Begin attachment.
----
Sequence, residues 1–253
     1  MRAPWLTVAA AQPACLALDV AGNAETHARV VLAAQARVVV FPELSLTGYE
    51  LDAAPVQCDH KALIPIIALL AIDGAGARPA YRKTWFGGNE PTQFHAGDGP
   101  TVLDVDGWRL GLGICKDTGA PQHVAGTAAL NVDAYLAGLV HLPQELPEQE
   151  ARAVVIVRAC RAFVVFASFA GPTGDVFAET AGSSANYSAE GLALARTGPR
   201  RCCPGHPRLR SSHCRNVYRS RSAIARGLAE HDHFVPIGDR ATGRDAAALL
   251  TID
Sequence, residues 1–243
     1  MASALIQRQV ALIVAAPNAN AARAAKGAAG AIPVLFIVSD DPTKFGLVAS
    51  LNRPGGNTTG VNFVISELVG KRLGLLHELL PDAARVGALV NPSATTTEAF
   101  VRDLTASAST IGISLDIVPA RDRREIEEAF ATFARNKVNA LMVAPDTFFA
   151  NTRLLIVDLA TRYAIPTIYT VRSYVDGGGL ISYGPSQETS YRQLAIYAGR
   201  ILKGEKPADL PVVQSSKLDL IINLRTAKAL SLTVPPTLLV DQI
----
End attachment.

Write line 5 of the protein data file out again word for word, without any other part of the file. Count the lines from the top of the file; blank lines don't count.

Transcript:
   151  ARAVVIVRAC RAFVVFASFA GPTGDVFAET AGSSANYSAE GLALARTGPR